nRF9160 development status

Updated May 10th 2019.

This blog gives a snapshot of the development status of nRF9160 features, performance and qualification leading up to mass production.


The nRF9160 hardware and development kits are now in production and is suitable for full end-to-end sensor to cloud development. We’re still developing features and optimizing performance and will be rolling out sampling and production as follows:


December 12th 2018

April 30th 2019

May 10th

June 30th


Public Sampling




Public Sampling




Public Sampling



Firmware images are posted on the product page.

There are three variants of the nRF9160 supporting different radio technologies. Samples are available of nRF9160-SICA and you can buy devices for engineering builds from your distributor. The sampling and production schedules are as follows:


Supported features

December 12th 2018

May 31st 2019

June 30th



Public Sampling














Certification status and roadmap is kept up-to-date on

Silicon update

We had a few things to fix in the silicon, and not all changes have made it into sampled material yet. This does affect active current consumption for example. Please check out the nRF9160 SiP errata for more detail. nRF9160 SiPs where the issues have started shipping.


GSMA keeps a good list of currently available LTE-M and NB-IoT networks globally here:

Most of them have also made it into a nice map here:

Application SDK

You can find the application SDK samples here:

There is also a more complete asset tracker application example here:

Notable components tested and included: MQTT, CoAP, HTTP, secure BSD sockets, peripheral and DK board drivers

Notable todos: LWM2M, Modem DFU


The modem can be traced through the application processor. The easiest way to get the traces out is through UART. The nRF Connect for Desktop has an app for that.

Development Kit and Reference Design

The nRF9160 DK serves as a software development platform, field testing tool and reference design. It is the vehicle for all of our certification testing which makes it valuable as a reference design.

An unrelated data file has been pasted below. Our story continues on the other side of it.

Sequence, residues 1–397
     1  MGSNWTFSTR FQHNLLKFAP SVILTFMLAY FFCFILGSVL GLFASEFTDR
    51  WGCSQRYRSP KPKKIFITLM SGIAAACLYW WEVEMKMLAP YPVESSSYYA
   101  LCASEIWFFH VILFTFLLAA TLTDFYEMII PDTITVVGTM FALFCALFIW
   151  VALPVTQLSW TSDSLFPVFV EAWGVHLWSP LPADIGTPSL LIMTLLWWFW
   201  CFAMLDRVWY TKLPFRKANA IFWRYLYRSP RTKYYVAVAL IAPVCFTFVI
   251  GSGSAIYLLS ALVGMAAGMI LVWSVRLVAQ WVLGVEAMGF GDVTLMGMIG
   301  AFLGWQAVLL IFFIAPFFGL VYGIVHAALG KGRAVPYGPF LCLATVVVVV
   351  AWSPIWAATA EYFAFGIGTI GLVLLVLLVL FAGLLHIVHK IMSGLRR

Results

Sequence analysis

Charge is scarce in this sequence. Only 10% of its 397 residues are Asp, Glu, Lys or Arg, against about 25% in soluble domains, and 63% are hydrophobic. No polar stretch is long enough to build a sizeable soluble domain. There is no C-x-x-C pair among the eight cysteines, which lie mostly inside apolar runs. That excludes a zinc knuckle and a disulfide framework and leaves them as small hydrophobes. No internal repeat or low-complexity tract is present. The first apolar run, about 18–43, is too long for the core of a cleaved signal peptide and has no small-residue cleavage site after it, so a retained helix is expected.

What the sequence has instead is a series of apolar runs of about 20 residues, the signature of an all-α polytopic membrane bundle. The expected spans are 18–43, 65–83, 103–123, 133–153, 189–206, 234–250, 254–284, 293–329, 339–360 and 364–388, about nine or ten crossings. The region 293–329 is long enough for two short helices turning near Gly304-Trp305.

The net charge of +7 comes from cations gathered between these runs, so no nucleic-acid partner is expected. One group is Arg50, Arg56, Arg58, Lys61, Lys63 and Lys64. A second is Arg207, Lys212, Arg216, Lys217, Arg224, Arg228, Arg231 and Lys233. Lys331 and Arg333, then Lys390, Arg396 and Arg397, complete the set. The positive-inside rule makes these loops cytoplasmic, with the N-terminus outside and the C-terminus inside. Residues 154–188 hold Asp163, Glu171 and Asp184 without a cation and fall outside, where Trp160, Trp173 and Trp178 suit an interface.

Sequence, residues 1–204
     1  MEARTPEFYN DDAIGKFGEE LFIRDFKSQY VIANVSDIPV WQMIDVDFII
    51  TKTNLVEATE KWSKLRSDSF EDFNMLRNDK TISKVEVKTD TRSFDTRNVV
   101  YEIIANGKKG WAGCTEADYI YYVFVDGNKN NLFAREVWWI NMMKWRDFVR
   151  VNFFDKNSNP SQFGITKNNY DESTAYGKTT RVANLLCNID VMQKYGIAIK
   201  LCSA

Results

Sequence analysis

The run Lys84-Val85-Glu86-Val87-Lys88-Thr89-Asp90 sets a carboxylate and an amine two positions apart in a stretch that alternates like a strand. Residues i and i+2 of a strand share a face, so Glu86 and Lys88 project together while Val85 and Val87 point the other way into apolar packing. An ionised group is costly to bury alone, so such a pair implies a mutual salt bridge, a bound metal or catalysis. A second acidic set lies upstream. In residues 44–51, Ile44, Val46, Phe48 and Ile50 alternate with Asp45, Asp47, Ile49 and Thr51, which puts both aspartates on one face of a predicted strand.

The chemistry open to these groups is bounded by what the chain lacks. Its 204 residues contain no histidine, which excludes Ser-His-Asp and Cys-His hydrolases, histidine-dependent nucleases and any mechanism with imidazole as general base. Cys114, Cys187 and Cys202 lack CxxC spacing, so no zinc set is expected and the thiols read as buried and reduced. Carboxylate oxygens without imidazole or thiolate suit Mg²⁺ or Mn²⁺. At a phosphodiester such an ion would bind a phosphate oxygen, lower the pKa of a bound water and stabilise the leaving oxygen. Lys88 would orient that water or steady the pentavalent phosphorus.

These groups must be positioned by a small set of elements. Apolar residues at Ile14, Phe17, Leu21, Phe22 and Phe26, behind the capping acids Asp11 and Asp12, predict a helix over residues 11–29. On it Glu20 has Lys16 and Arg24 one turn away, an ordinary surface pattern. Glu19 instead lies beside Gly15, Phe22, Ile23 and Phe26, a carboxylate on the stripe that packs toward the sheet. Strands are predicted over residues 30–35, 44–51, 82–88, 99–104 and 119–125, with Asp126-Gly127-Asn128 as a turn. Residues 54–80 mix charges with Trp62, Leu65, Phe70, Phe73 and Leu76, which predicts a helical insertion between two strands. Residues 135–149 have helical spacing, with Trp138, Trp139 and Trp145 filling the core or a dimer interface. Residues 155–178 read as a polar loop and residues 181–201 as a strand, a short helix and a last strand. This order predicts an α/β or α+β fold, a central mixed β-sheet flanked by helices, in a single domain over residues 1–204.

Unfortunately, in versions before 0.8.5, matching components for the on-board GPS antenna on the DK were not optimal and will give poor to no functionality of the GPS. It is recommended to connect an external active GPS antenna to compensate. In order to use this, you will need:

  • Active external GPS antenna
  • Bias-Tee circuit
  • MXHS83QE3000 cable

How does the nRF9160 perform now

Though we have now made the nRF9160 publicly available for developers, it does not mean that we are done with the power optimizations. The functionality of eDRX and PSM is in place but we still have tuning to do in clock speeds of the different processing elements in the modem, further optimizations of scan algorithms etc. That being said, it already preforms really well on many parameters. Before we transfer the nRF9160 to production, we will release an updated firmware image that shows off the low power features of nRF9160 properly. But we’ll never stop chasing that last uJ of energy saving in the design…


PSM is typically used for applications that can wait 10 minutes or more between each time it connects to the network

  • PSM floor current of nRF9160 is now 7 uA It currently keeps retention on the same level as eDRX which secures a very quick startup, but consumes too much current in sleep
  • At the TTP date, the PSM current will be at 3uA with full retention of all relevant parameters. This will be done through software optimization of what is being retained, which will lead to slightly longer boot time.

After a PSM TAU, the device stays awake in connected mode and idle mode DRX for a while:

  • Connected DRX (320ms) = 2 mA average with SIM active
  • RRC Idle mode floor current is only 7uA due to low leakage memories


DRX/eDRX is typically used for applications that require 10 minutes or lower latency on downlink traffic to the device or send data with that frequency.

  • eDRX/DRX floor current of nRF9160 is now 7 uA It keeps retains all the modem state, which secures a very quick startup.

The nRF9160 Errata on current affects these numbers adversely due to higher active current:

  • Idle DRX 2.56s = 239uA (SIM power off)
  • Idle DRX 2.56s = 285uA (SIM on clock stop)
  • eDRX 81.92s average current = 27uA (SIM power off)
  • eDRX 655.36s average current = 11uA (SIM power off)